Picking a power supply for my video editing PC

I rebuilt my video editing system this past week.
Some months ago, Windows 2000 decided to start acting really goofy–it would start up, and Explorer would crash and restart every 10 seconds. I was able to make the system usable again by going into win.ini and changing the shell from Explorer to the old Program Manager, but seeing as I can’t stand Program Manager, I didn’t like that solution much.

I took the opportunity to make some more changes to the system too, specifically, upgrading to a 1.2 GHz Duron CPU and adding a second 18 GB 10K RPM drive (both purchased for an aborted project) and replacing the Adaptec 2940UW host adapter with an Adaptec 19160 I purchased over a year ago and for some insane reason didn’t use when I built the system in the first place. I also dropped in a Sapphire Radeon 7500 card, since I loaned out the S3 Savage4 card that was originally in the system.

The Radeon is overkill for this application, but it’s a $40 card so I really don’t care. Having a faster processor and a drive dedicated exclusively to holding my source video improved performance noticeably. By today’s standards, this is a very modest system, but it’s very nice for editing. It’s on the low end as far as disk space is concerned–figure a gig per four minutes of video in the standard DV format you’ll get from a firewire-equipped camcorder–but it’s very fast.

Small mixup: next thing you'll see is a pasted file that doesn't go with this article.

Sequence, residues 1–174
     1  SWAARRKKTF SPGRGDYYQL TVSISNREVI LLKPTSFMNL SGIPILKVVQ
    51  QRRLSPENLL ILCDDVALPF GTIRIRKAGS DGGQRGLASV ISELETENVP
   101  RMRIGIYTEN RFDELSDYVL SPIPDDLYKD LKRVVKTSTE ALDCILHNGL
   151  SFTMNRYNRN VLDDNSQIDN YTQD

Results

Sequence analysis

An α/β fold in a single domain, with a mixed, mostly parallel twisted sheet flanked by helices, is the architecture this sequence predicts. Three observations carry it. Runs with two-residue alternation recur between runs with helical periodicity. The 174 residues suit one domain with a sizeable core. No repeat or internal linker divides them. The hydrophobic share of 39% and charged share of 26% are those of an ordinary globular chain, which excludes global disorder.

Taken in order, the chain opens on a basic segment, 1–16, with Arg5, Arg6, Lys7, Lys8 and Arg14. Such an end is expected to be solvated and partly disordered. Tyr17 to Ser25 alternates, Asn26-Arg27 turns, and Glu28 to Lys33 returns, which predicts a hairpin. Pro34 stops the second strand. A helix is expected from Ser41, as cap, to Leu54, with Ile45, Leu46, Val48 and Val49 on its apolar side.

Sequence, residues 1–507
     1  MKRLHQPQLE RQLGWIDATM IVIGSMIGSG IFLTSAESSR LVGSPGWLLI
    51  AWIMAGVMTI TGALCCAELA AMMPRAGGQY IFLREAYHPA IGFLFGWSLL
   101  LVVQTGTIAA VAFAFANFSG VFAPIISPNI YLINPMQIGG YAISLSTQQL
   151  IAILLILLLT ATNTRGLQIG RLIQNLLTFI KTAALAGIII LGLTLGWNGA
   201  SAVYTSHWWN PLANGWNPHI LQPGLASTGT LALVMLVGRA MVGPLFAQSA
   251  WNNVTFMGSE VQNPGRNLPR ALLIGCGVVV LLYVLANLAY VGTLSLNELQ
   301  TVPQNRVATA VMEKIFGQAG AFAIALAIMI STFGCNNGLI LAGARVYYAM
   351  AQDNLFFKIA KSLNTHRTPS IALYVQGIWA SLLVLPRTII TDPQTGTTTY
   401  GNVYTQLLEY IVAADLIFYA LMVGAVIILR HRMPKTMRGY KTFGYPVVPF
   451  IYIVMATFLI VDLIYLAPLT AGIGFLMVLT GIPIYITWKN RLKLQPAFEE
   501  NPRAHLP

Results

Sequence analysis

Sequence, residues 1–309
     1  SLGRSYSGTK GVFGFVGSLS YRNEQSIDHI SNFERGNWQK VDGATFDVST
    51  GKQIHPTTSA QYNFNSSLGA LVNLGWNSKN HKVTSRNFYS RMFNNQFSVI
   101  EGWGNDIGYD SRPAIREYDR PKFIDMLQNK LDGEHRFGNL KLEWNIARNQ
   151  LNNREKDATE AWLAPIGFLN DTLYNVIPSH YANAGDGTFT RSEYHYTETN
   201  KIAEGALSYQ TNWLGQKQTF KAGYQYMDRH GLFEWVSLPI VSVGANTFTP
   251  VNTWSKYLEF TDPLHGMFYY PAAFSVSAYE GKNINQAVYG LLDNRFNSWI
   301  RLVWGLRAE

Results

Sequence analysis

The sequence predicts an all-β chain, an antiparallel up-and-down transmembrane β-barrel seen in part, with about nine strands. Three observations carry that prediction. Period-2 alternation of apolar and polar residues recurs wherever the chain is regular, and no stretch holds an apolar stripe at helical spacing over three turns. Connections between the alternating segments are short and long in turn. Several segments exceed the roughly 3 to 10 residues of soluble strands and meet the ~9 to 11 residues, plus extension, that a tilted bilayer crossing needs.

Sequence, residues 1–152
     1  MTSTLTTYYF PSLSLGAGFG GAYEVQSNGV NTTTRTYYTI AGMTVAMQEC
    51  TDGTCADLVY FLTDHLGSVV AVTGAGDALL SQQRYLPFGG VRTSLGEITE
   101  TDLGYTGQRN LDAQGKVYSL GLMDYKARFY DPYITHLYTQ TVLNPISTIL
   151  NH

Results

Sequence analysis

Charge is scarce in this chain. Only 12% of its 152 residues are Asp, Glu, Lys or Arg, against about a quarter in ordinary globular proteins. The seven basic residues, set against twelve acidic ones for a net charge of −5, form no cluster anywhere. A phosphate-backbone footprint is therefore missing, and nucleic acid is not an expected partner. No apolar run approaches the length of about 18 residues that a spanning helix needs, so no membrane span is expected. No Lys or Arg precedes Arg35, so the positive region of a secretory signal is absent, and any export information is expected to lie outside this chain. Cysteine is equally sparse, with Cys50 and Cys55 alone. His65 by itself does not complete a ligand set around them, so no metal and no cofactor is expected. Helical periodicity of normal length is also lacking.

It’s also extremely unreliable. In a 90-minute session, the machine locked up twice. One was a black screen of death, and the other was a spontaneous reboot. In its previous incarnation, the system had a 750 MHz Duron processor and a 4500-rpm Quantum lct as a secondary drive for overflow use (I’d use it as a holding bin for video, then move it to the 10K drive for final output to tape to avoid dropped frames). Until the weird Explorer problem, it was rock solid. My Antec 300W power supply handled that load just fine.

That Antec power supply is about three years old, a relic from an era when 500 MHz was a blindingly fast processor and power requirements weren’t as obscene as they are now. Its age and the standards to which it were built are probably a problem.

PC Power and Cooling’s power supply selector gives a nice way to size a power supply to match a system. For me, it suggested that a PCP&C 275-watt power supply would be adequate under some circumstances. Well, assuming the box provided 275 watts divided properly on the correct rails, that is. (That kind of talk makes most people’s eyes start to glaze over, so people don’t talk about it much. PCP&C included.) But this machine has exactly one PCI slot still open, so it’s heavily loaded. I want more headroom than that.

PCP&C has its 350W box on sale for $71, which is considerably higher than Newegg will charge for basic 350W Antec or Enermax units, but pricing on business-grade or enthusiast-grade Antec and Enermax units is in line with PCP&C, and the PCP&C units have a better warranty. Plus PCP&C will ship it free and they throw in some freebies worth about $5 retail when all’s said and done.

I’ll get the Turbo-Cool 350 model rather than the Silencer 275 model. Quiet would be nice, but the system already makes a racket. So I’ll take overbuilt. Everything else about this system is.

One thought on “Picking a power supply for my video editing PC

  • December 24, 2002 at 5:30 am
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    A good power supply is a great thing.

    I need to get a 400 watt jobbie for my latest PC project. Sigh.

    I do need to sell off some of the old power supplies I have around here. Double sigh.

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